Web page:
At the top of this food chain are the wild cats and now it’s time for them to eat. The wild cats stand and collect the food from the birds a handful at a time, gradually filling their tub. When the bird’s tubs are empty, they return to their seats and when all four birds are seated the wild cats put their tubs on a desk in the centre of the room and all students stand and gather in a circle around the tubs. Discussions here should centre on the fact that ALL of the food has been eaten and has moved through the food chain, which means all of the poison is now in either of the two wild cats.
Examine the tubs of the two cats to see which has the most amount of poisoned food. Then have the students redistribute the mixed food evenly between the four original tubs, the two wild cat tubs and the other four tubs. Place these 10 tubs around the room.
Now let’s skip forward to next year. Farmer Jones continues to use pesticide on his farm, which makes the land increasingly poisoned, so now Farmer Jones uses fertiliser to feed his crops and help them grow. The weeds love the fertiliser and grow quickly and the outcome is that less of the insect’s food-plants will grow.
In this new scenario, the red beans represent the food source. The rice represents other plant life such as weeds. Tell the students that nature is controlled by the seasons and the seasons are quite short, so the hunt for food is urgent. The two wildcat students are now insects and all of the insects must now hunt for 20 red beans, they can only take 3 beans from each tub and they have only 3 minutes to collect the 20 beans. If they do not get 20 beans, they die of starvation. Ready, steady, go!
The Insect students hunt for the red beans and after 3 minutes indicate clearly to the students that the time is finished. A big tubular train whistle which makes a loud and really great sound is an excellent way to end a period of busy activity. A whistle, bell or some other noise-making device is always preferable to shouting over the noise of a group of excited students.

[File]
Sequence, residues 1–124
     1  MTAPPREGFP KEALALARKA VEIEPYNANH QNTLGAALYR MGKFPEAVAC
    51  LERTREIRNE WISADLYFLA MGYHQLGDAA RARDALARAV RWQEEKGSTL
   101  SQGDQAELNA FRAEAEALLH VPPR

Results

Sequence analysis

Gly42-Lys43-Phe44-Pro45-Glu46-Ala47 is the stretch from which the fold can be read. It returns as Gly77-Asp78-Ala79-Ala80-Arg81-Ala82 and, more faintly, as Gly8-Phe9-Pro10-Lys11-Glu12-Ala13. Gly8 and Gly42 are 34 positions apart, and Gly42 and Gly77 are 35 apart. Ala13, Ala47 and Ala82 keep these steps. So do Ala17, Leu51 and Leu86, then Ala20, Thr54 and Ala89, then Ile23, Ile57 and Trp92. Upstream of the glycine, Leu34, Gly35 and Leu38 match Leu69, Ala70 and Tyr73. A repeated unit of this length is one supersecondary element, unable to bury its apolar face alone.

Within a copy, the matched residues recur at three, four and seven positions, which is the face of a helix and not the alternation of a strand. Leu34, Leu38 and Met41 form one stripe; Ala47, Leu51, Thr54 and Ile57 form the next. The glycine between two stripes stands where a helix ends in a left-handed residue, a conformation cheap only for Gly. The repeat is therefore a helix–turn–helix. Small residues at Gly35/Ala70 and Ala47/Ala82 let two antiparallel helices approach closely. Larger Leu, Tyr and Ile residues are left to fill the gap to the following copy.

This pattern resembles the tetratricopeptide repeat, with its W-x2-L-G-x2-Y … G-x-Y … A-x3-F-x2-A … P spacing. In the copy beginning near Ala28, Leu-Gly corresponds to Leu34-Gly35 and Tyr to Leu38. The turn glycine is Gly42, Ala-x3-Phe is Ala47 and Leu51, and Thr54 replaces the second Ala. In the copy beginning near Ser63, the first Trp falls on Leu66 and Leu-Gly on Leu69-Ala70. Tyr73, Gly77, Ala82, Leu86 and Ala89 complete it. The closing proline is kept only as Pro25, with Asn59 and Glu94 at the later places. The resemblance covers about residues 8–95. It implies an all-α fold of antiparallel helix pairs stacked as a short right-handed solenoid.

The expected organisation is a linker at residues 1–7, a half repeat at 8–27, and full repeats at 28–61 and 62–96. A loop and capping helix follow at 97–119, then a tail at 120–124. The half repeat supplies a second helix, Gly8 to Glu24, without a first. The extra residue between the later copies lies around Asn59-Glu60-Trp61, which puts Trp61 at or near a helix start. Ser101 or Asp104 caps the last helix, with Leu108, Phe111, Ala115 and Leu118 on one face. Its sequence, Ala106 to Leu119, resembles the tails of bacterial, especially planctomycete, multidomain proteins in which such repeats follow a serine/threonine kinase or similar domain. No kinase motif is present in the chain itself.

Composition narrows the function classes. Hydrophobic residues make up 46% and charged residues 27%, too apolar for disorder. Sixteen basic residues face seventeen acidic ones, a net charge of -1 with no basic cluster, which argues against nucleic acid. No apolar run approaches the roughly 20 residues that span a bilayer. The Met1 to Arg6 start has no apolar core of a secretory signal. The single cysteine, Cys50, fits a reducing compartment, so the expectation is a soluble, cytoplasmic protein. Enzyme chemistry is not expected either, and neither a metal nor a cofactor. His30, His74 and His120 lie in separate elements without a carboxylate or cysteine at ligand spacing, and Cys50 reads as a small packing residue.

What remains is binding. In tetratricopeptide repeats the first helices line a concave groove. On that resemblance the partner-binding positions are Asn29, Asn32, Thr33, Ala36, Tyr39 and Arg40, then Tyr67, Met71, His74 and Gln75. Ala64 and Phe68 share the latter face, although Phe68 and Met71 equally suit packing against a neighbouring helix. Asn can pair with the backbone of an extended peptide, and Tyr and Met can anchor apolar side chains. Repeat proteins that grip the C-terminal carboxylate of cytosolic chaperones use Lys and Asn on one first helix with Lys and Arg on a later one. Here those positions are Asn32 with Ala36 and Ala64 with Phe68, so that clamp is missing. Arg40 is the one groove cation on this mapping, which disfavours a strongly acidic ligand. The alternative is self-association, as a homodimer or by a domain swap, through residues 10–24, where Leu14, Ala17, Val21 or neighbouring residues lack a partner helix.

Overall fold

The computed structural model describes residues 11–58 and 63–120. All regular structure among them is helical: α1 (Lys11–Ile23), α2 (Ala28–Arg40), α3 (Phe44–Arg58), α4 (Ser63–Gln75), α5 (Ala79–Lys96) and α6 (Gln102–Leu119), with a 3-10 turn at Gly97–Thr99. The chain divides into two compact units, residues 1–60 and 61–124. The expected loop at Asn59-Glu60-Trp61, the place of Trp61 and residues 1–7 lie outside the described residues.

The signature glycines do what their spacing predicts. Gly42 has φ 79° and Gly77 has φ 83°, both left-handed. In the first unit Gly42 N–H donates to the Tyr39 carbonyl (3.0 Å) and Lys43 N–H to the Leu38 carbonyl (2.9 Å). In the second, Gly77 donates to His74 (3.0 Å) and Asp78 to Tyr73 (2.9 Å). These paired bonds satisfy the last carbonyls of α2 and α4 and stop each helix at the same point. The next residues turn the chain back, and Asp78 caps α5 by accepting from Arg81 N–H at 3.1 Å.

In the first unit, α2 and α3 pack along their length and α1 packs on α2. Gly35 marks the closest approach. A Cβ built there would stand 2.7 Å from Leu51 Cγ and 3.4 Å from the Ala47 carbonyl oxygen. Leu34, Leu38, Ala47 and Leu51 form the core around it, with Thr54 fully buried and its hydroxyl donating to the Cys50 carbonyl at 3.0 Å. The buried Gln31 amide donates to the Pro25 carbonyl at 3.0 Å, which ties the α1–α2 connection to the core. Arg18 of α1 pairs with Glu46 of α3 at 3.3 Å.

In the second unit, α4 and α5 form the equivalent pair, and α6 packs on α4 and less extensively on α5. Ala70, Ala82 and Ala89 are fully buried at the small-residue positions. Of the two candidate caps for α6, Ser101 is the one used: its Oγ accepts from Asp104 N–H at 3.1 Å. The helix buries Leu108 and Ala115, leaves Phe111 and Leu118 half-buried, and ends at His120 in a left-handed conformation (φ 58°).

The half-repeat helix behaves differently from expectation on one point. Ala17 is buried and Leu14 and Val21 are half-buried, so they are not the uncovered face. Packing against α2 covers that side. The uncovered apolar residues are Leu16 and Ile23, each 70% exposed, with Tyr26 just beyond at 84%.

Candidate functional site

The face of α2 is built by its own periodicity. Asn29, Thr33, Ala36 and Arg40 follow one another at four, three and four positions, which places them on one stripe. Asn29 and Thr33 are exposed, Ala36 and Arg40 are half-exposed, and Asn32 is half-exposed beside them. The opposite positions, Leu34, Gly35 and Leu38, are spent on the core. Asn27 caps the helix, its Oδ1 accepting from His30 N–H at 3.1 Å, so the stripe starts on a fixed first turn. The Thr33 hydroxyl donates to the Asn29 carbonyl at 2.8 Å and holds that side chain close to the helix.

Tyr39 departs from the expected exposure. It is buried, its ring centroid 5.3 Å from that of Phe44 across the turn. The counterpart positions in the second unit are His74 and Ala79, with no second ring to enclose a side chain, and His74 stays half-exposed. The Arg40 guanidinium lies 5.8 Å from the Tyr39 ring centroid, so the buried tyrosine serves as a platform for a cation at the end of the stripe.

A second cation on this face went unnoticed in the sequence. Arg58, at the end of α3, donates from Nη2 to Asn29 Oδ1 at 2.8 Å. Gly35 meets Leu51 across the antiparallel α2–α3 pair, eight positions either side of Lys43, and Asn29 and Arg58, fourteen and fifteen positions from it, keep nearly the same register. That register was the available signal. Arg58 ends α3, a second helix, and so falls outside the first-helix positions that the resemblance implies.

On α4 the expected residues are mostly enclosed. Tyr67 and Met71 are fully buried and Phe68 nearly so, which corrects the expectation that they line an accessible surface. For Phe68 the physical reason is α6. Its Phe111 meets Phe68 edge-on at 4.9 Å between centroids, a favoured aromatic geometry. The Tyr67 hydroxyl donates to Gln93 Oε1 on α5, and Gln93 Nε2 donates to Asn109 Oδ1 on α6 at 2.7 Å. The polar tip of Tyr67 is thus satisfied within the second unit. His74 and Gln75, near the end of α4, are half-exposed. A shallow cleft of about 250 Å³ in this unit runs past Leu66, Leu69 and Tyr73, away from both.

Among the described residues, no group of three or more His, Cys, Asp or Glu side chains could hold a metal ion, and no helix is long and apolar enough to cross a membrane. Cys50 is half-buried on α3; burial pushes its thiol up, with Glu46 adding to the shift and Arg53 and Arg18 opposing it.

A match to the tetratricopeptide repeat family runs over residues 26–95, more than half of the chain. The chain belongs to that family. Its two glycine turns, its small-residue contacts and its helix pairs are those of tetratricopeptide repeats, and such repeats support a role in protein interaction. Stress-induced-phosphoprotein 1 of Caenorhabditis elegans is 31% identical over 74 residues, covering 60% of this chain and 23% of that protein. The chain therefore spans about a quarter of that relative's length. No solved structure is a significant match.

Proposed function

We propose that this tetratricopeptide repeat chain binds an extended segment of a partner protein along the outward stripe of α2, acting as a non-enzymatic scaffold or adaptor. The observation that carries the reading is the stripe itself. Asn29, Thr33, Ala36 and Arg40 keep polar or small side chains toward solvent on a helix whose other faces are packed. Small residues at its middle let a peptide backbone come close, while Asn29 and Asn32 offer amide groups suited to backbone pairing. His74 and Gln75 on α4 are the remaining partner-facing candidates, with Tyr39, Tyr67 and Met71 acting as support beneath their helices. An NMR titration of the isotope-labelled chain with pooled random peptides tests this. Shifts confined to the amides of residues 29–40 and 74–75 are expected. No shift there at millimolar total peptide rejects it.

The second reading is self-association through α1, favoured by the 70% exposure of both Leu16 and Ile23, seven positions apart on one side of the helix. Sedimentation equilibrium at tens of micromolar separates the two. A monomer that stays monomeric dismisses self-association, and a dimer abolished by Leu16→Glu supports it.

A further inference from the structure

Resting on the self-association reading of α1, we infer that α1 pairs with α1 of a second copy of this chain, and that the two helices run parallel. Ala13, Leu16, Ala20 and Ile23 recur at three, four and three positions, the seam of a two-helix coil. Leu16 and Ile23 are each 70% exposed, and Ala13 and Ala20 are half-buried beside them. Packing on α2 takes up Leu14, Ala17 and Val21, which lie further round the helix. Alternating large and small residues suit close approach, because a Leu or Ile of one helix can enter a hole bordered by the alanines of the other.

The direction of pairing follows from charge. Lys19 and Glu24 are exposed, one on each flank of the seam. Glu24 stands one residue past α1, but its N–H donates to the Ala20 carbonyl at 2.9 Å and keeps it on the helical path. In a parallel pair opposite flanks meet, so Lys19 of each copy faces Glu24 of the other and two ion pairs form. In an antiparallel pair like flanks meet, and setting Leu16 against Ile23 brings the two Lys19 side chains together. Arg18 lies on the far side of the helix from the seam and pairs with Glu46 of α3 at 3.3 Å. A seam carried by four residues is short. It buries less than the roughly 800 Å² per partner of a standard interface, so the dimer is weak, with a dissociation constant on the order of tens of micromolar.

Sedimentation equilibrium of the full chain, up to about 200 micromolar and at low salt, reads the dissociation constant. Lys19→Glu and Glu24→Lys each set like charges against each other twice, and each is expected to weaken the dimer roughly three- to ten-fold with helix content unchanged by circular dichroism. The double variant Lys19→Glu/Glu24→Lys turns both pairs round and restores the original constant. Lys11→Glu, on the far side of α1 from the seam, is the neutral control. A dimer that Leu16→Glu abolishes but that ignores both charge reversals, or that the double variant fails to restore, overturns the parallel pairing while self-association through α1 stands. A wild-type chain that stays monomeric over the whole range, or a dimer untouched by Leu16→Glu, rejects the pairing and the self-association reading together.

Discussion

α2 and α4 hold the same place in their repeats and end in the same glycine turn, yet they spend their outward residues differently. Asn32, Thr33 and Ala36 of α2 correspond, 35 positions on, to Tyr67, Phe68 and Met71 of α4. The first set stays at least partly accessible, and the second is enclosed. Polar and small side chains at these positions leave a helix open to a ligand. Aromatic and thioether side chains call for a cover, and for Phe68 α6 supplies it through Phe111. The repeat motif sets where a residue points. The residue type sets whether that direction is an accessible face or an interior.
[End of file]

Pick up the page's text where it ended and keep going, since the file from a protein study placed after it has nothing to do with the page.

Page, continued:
Insects should stop searching for food but stay where they stand. Ask the insects to count their red beans. The insects who did NOT get 20 red beans have died of starvation and those students now return to their seats.
Fill some of the tubs with rice until four tubs are empty. The remaining insects should now move around the room as before and the birds use the empty tubs to walk around and collect the food from the remaining insects. Examine how much food each bird got and end the activity with any further discussions the impact of the pesticide on the food chain and the interdependence of animals living within an environment.
The Birds and the Bees is a wonderfully simple way to actively and very vividly show the dynamic relationship between an environment and the organisms living in the environment, while also showing the potential impact of harmful substances on that environment. Interdependency is demonstrated via the food chain model and this can be expanded upon if desired by including other different coloured beans or legumes to represent other creatures and the impact of their presence or absence on the food chain.
The game does not make use of teams or scoring or even a sense of competitiveness yet the game itself is compelling for the students because of what their actions represent. A high degree of trust is required in the execution of this game, in terms of students taking only three red beans from a tub, and the presence or lack of students adhering to this rule can itself lead to conversations about behaviours of animals in the natural world.